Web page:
A case of resource customization

As shown in Fig. 2, we offer an example of the entire process of resource customization. For illustrative purposes, it is assumed that multiple rounds of resource customization are carried out in numbered order. First, the edge node \(n_1\) takes the observed state \(\boldsymbol {\Theta }_1\) as input and outputs decisions based on the control policy \(\boldsymbol {\Phi }\). The decision process is as follows: this cell belongs to the channel 2, the assisting nodes for the joint cell are edge node \(n_3\) and the cloud, and the cell’s composition of dedicated resources is given. After edge node \(n_1\) finishes this resource customization, it makes a change to the current environment, so when edge node \(n_2\) observes the environment, the state has been changed to \(\boldsymbol {\Theta }_2\), and a decision is made accordingly. After multiple rounds of resource customization, the resources of edge nodes and the cloud center are allocated to cells of various channels.

Service orchestration

In this subsection, we use the channel \(c\in \mathcal {C}\) as an example. We formulate the problem of service orchestration and request dispatch to maximize throughput. Moreover, a mechanism is designed to solve the two sub-problems using the same method. At the same time, we present an algorithm based on submodular function maximization [18] to select the service orchestration solution.

Task model

To maximize the throughput in the channel, we set two decision variables \({\textbf {x}}\) and \({\textbf {y}}\) to model the mathematical problem, where \({\textbf {x}}\) are the service orchestration variables and \({\textbf {y}}\) are the request dispatch variables. \(x_{lm}\in \{0, 1\}\) is 1 if the replica of service l is placed on cell m and 0 otherwise. \(y_{lnm}\in [0, 1]\) represents the probability that a request of service l submitted to edge node n is dispatched to cell m. As the channels are independent of each other, it can simultaneously maximize the edge-cloud system’s throughput.

$$\begin{aligned} P1:{} & {} \max \varvec{Channel\ Throughput}\ \mathbf {(x, y)} \nonumber \\ {\textbf {s.t.}}\ C_{u}^{1}:{} & {} ReplicaStorage \le Storage,\textrm{for each cell} \nonumber \\ C_{u}^{2}:{} & {} RequestResource\le Resource,\textrm{for each cell} \nonumber \\ C_{u}^{3}:{} & {} {\textbf {y}} \le {\textbf {x}}\cdot \mathbbm {1}_{SLA} \nonumber \\ C_{u}^{4}:{} & {} {\textbf {x, y}}\ \in ValidRange \end{aligned}$$

The underlying optimization problem of service orchestration and request dispatch can be formulated as (1): the objective is to maximize the expected number of requests whose SLA is fully guaranteed per slot. Constraint \(C_u^1\) ensures that each cell does not store more than its storage capacity, where the cell stores the sum of storage size of each service replica placed on that cell. Constraint \(C_u^2\) guarantees that each cell is not dispatched with more requests than its resource capacity allows. Constraint \(C_u^3\) ensures that a request is successfully dispatched if it enables guaranteed SLA, and the cell contains the requested service replica, where \(\mathbbm {1}_{SLA}\) is the indicator function. If the SLA of a request can be fully guaranteed, \(\mathbbm {1}_{SLA}\) is 1, otherwise 0. Through this constraint, the SLAs of requests are strictly guaranteed. Constraint \(C_u^4\) specifies that decision variables take values within valid ranges.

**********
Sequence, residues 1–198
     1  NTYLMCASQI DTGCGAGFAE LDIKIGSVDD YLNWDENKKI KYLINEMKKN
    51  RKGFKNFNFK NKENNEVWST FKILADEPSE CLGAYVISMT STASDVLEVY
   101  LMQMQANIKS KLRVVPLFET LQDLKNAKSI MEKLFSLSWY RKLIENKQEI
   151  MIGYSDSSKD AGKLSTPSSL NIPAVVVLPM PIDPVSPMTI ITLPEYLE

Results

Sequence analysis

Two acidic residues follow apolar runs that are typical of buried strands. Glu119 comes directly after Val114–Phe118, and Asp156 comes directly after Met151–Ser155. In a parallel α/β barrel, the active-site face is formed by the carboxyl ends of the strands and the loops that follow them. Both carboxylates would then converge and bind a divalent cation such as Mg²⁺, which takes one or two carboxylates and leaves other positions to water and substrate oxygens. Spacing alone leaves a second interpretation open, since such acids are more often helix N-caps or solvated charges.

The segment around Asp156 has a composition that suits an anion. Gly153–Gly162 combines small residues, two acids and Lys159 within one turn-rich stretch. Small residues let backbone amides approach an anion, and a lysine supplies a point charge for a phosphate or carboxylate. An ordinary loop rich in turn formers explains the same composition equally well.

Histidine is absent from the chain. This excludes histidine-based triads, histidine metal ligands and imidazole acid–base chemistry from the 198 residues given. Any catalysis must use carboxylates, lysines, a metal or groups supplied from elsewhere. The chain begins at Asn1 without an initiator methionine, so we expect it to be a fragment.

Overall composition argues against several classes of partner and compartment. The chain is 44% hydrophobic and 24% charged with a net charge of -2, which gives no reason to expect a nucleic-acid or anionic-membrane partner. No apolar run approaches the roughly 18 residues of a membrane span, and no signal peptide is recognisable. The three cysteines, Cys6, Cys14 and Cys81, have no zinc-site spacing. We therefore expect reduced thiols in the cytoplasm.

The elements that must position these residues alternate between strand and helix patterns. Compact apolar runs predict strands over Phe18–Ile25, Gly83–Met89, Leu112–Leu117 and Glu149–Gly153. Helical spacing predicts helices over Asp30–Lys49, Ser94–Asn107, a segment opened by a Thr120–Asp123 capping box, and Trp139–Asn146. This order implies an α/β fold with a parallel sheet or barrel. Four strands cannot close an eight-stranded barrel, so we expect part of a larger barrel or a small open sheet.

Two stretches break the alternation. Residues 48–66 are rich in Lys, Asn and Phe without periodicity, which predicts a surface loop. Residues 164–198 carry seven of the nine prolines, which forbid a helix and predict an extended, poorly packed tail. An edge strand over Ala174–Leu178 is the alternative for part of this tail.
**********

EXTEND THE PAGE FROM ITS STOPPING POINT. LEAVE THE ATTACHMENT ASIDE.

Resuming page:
Since the objective function and constraints of (1), i.e., Channel Throughput (x, y), contains both integer variables \({\textbf {x}}\) and real variables \({\textbf {y}}\), it is a mixed integer programming problem, which is NP-hard and cannot be solved in polynomial time. Therefore, we decompose the problem into two sub-problems of request dispatch and service orchestration.

Solution for request dispatch

To reduce costs and improve stability, we separate the time scale of request dispatch (performed per slot) from resource customization and service orchestration (performed per frame). At each slot, service orchestration is already selected at the beginning of the frame, i.e., the decision variables \({\textbf {x}}\) are known. Therefore, we can solve the sub-problem of (1) regarding y (see (2)), and perform probabilistic dispatch, where a request for service l submitted to edge node n will be dispatched to cell m with probability \(y_{lnm}\). Since the decision of problem (2) is only related to the real variables y, it is a linear programming [16] that can be solved in polynomial time.